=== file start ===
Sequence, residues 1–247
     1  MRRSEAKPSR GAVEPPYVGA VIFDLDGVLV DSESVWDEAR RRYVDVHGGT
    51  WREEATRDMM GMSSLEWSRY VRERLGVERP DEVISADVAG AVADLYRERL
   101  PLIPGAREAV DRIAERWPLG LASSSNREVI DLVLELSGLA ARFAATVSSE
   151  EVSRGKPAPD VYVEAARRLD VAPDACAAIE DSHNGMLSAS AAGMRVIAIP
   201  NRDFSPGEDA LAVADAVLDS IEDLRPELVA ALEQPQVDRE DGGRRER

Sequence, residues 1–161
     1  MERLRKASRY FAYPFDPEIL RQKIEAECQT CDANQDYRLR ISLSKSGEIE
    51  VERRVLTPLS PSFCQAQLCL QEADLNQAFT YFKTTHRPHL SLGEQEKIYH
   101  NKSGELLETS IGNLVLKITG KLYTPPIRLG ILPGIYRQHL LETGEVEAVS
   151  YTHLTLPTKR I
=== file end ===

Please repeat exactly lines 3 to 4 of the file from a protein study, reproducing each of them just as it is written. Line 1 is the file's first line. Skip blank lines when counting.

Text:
    51  WREEATRDMM GMSSLEWSRY VRERLGVERP DEVISADVAG AVADLYRERL
   101  PLIPGAREAV DRIAERWPLG LASSSNREVI DLVLELSGLA ARFAATVSSE